Despite the more advanced skills of Serrano, the crowd loved Hardy’s bloody grit and determination and cheered the action until the end.

“She’s as tough as they come,” said Serrano about her longtime Brooklyn rival and friend. “I wanted to say Heather is a hell of a fighter.”

The love fest came after the fight. But during the fight from, rounds one until the end, Serrano battered Hardy around the ring with blows that felled more than 30 foes before. Hardy absorbed a pounding in every round, but as in their previous encounter, she endured.

“I still feel very grateful,” said Hardy, 41. “I gave everything I had for three months.”

It showed.

Serrano worked the body like a power driver breaking concrete. Blow after blow connected to Hardy’s body but the blonde Irish fighter showed she could endure even the harshest blows like a sponge.

Hardy was determined to be more than a punching bag and fought back with her own counters once she found the range. During the fifth round the Irish fighter found her most success.

Maybe she could survive.

Serrano reset in the sixth round and fired an exchange and out went Hardy’s mouthpiece. After a brief interlude Hardy apologized for losing it. Serrano went right back to work.

Brooklyn’s two best female fighters unloaded blows against each other for the remainder of the fight. Serrano from her southpaw stance delivered the more concise blows but Hardy fired right back. It was like she did not want to disappoint the fans of female boxing.

In the final round after hugging each other the two immediately bolted toward each other like crash cars and unleashed speedy volleys. The more than 17,000 fans roared their approval as the two Brooklynites fired away. In the end, Serrano won by scores of 99-91 and 100-90 twice.

Shadasia Green wins

Feared super middleweight contender Shadasia Green (13-0, 11 KOs) was forced to go the distance against Chicago’s Olivia Curry (7-2) but won by unanimous decision after 10 rounds.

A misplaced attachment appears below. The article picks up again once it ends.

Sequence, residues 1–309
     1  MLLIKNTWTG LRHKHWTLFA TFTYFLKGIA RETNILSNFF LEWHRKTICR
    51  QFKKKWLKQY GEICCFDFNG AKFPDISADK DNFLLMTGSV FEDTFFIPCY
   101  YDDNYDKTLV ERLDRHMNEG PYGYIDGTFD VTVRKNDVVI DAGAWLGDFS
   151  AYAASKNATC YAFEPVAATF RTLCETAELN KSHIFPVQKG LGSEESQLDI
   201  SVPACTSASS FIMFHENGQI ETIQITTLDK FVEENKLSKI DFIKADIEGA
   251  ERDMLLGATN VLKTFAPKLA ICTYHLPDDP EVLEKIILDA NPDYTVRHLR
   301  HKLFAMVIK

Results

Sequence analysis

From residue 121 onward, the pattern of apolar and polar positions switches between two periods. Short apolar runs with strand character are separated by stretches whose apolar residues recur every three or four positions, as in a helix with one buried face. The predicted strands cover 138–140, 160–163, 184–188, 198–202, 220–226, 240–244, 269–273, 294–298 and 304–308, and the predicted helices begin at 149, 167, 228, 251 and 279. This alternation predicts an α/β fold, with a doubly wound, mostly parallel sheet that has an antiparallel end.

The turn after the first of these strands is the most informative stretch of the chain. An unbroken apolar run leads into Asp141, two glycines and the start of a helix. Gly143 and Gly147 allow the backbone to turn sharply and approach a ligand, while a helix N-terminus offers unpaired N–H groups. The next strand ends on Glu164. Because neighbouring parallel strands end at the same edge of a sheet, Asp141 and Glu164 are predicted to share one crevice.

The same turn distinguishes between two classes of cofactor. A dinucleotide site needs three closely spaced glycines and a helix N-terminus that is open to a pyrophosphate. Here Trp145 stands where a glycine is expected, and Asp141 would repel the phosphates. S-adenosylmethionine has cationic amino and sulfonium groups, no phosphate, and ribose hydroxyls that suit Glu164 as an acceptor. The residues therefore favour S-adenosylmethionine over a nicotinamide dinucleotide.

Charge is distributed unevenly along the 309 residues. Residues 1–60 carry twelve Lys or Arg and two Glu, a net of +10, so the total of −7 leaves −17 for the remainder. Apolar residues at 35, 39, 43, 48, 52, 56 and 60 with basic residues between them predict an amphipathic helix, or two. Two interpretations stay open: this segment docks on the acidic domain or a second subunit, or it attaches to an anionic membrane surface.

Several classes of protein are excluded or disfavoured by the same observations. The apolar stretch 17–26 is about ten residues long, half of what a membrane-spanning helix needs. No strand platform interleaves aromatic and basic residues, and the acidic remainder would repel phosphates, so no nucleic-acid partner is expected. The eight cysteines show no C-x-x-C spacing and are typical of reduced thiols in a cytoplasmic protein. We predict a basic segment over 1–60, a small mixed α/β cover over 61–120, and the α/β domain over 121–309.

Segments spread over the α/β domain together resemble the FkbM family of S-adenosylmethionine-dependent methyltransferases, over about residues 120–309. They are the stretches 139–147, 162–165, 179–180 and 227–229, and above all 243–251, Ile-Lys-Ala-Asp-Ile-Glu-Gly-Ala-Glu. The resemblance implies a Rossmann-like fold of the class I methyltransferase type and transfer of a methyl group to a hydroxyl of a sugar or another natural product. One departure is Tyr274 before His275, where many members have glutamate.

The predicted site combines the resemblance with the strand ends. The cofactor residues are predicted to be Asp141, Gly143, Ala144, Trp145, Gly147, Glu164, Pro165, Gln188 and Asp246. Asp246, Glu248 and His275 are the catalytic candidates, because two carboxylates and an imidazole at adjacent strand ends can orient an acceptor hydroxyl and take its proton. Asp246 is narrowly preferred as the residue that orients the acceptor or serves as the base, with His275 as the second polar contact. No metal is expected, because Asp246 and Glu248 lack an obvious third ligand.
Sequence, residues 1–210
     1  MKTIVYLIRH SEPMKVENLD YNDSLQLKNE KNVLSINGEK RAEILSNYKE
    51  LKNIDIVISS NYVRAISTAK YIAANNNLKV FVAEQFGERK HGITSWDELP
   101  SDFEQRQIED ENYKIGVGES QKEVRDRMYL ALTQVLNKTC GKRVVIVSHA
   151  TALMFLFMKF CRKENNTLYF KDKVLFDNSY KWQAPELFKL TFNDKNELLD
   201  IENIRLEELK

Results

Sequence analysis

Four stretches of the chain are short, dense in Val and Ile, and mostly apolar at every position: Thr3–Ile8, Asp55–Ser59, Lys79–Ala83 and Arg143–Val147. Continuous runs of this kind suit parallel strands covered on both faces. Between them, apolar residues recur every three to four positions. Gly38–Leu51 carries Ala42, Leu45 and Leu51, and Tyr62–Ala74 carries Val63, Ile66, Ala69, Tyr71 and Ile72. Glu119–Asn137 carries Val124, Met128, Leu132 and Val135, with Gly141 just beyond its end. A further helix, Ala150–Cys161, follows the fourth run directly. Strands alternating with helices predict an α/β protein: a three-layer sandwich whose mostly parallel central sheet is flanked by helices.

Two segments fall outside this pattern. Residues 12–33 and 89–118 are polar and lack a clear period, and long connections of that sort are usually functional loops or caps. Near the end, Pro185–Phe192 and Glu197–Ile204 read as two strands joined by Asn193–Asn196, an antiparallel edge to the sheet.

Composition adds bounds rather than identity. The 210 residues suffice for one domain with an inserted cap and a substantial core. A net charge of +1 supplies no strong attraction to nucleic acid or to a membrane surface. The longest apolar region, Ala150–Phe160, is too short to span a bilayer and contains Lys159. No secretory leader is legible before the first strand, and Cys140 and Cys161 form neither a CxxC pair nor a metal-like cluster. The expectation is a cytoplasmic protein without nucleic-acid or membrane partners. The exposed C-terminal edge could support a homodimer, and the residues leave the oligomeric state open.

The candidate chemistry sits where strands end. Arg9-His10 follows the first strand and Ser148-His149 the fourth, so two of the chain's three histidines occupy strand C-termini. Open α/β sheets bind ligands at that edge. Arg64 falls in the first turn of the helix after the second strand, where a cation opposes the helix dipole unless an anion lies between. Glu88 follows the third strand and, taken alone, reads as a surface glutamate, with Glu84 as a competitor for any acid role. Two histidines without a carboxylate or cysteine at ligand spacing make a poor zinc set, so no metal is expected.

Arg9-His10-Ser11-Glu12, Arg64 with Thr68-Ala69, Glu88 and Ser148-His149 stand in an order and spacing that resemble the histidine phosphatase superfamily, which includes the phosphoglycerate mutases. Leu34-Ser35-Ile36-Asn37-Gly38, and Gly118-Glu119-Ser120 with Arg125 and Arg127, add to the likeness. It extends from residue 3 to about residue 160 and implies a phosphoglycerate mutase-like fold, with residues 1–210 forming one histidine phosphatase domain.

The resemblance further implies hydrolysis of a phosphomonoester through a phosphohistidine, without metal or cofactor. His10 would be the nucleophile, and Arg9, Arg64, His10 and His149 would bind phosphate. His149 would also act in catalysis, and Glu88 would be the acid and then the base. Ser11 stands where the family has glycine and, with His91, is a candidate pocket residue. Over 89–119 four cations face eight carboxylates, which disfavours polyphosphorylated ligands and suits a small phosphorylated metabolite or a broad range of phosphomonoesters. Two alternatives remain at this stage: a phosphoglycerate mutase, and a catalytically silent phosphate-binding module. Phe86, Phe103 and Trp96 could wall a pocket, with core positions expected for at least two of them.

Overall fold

Green was able to wobble Curry several times but like the movie Raging Bull, “You never put me down Ray,” the winner never could floor the Chicago fighter. But Green did connect.

Still, Green showed various dimensions to her fight game in out-pointing and out-maneuvering Curry who never stopped trying to win with combinations and moving forward. She just didn’t have the power to cause Green to pause.

After 10 rounds scores were 99-91, 100-90, 100-89 for Green.

Other Bouts

Stockton’s Chris Avila (4-1) out-boxed Jeremy Stephens (0-1-1) in a fight pitting two MMA fighters in the boxing ring. Though Stephens is the more accomplished fighter in the cage, Avila, a stablemate of Nate Diaz, proved far superior in the boxing ring and won nearly every round to win by unanimous decision in a super middleweight fight.

Avila used combinations throughout the six rounds to win by decision 59-55 twice and 60-54.

Long Beach’s Ashton Sylve (10-0, 9 KOs) used speed and body shots to put down William Silva (30-5, 18 KOs) twice before ending the fight in the fourth round with a left hook to the liver in a lightweight match.

Sylve, 19, accepted a fight against a dangerous veteran and was able to display clever boxing skills that opened up the Brazilian fighter’s defense. The left hook was the weapon and he used it twice effectively. The final knockdown was at 2:59 of the fourth round.

Photo by David Avila